tagSci-Fi & FantasyMistress of the Air Ch. 04

Mistress of the Air Ch. 04


It was a momentous day in this sleepy, rural backwater of Yorkshire. The enormous zinc-plated shed erected many months ago, and the mysterious comings and goings beyond the perimeter fence had aroused the curiosity of the locals. Few local people were engaged in the construction of Lady Sally's airship, and those who were had been sworn to secrecy. The steady flow of deliveries and visits from a succession of tweed-suited scientists, designers and engineers had caused much speculation. The local labourers believed it was a giant wheat harvesting machine that would put them out of work. Others believed it was a secret weapon for the war threatening to break out across Europe.

There was no hiding something special was to be revealed on this day. Lady Sally had engaged every shire horse from farms for miles around. Word spread like wild-fire that the giant shed doors would open to expose the unknown contraption. Work on nearby farms stopped for the day. Everybody dressed up in their finest Sunday clothes, the men in their best suits and ladies in dresses and bonnets. They brought picnics with them; huge baskets laden with freshly baked bread, butter churned that morning, chunks of cheese and the finest cuts of ham. The men brought barrels of the strongest ale and their pewter tankards. There were no children in school as every child from far and wide appeared. The event topped every fair, wake and celebration held in the area for decades. The huge throngs sat outside the perimeter fence enjoying themselves, eagerly anticipating what might be revealed when the doors of the giant shed finally opened.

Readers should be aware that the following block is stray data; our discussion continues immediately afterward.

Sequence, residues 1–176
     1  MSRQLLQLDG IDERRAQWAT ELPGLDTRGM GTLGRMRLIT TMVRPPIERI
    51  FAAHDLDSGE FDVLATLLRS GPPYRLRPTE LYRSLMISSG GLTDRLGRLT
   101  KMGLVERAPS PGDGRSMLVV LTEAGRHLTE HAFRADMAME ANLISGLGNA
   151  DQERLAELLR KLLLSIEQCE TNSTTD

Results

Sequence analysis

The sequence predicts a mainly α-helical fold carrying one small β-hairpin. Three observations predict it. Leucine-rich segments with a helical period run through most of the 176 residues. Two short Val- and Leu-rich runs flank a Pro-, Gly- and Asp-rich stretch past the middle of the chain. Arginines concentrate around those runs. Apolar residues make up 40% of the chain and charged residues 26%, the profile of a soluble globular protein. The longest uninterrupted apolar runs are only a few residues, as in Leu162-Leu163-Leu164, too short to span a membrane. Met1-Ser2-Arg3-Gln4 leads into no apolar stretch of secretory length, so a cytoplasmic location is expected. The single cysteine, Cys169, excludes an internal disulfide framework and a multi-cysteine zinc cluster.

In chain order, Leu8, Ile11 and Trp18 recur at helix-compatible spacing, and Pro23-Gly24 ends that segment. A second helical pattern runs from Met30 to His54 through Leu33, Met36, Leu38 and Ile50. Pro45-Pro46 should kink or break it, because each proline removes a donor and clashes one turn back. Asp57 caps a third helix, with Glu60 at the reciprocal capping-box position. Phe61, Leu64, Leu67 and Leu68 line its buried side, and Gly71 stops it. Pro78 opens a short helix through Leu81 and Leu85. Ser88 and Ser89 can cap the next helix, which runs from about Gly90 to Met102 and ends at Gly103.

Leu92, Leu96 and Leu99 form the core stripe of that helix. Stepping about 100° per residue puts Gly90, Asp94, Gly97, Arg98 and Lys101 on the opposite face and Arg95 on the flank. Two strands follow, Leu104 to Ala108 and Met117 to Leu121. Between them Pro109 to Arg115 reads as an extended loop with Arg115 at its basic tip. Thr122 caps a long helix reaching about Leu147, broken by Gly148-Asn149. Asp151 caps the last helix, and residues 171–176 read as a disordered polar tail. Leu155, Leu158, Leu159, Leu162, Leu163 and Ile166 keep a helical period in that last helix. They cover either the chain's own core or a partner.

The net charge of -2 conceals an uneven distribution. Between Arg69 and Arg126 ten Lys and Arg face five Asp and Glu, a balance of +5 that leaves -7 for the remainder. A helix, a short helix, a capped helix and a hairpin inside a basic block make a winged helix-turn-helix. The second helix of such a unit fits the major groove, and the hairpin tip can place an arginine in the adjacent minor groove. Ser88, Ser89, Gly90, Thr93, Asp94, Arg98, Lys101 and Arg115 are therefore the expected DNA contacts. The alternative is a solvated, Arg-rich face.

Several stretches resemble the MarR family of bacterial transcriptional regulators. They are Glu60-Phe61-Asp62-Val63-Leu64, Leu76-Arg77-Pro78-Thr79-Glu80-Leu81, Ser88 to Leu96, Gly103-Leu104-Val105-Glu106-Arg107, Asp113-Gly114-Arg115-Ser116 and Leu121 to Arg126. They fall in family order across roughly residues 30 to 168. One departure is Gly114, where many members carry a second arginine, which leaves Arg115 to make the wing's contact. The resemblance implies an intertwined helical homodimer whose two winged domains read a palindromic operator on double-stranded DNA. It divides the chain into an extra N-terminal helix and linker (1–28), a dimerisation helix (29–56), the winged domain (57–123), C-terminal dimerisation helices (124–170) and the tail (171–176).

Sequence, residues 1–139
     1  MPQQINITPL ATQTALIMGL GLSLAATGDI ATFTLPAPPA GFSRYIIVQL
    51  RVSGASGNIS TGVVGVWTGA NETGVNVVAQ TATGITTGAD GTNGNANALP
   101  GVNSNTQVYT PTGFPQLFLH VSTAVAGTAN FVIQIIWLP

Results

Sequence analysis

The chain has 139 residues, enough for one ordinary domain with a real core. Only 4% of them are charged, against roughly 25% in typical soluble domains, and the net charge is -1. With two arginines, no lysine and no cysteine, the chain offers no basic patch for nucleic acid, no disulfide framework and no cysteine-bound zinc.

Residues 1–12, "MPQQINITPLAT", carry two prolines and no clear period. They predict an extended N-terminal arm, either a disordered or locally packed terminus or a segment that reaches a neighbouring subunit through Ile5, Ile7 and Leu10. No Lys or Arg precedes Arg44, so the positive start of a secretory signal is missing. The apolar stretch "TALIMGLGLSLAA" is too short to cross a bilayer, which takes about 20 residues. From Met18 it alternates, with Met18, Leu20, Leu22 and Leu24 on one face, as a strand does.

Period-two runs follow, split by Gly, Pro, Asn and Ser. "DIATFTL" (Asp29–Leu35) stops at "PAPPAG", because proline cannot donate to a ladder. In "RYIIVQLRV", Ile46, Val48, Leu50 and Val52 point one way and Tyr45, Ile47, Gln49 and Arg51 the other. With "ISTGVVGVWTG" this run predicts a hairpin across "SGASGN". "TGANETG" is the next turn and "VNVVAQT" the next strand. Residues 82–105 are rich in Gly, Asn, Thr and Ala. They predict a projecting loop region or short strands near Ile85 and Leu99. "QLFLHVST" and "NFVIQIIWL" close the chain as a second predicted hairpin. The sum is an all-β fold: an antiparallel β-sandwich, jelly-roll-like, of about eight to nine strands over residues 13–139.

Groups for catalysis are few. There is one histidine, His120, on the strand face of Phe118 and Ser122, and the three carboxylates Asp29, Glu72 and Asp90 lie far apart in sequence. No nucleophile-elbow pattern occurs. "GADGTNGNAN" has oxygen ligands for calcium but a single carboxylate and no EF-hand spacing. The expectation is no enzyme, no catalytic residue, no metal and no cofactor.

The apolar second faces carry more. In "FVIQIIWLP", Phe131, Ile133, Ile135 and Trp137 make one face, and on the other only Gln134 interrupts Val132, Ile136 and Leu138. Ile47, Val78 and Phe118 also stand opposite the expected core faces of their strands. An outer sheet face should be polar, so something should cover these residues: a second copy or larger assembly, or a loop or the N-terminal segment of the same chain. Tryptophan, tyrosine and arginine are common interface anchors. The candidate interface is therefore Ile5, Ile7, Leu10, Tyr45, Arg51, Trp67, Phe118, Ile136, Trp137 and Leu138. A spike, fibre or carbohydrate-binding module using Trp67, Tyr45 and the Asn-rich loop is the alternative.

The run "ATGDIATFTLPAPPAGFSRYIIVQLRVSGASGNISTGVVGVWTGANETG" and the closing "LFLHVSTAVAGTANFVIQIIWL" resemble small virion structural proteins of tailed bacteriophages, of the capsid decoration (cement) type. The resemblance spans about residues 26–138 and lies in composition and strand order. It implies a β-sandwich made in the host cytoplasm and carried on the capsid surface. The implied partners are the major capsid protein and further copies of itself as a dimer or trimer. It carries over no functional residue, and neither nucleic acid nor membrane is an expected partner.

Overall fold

There was great excitement when Lady Sally arrived. She came in a chauffeur driven charabanc laden with trunks and hat boxes, accompanied by her strange transvestite maid. The midday sun reflected off the vehicle's olive-green paintwork and polished chrome, dazzling all who followed its passage through the gate of the airship works. The side of the charabanc was decorated with Lady Sally's coat-of-arms, a purple and black shield with the letters 'L', 'S', 'R' and 'C' in its quarters surmounted by two crossed whips.

Captain Wyndham waited at the road-side to greet Lady Sally with Barnes-Wallis, the chief designer of the airship. Victoria opened the door for her and she alighted from the charabanc. She looked elegant and summery in a fine cream cotton-linen dress and magnificent wide-brimmed hat tied under her chin in an extravagant bow. The farm workers strained to catch a glimpse of Lady Sally, whose reputation had spread before her; and they were not disappointed. Her perfect hour-glass figure enhanced by the tightest of corsets was striking, even from the distance of the perimeter fence.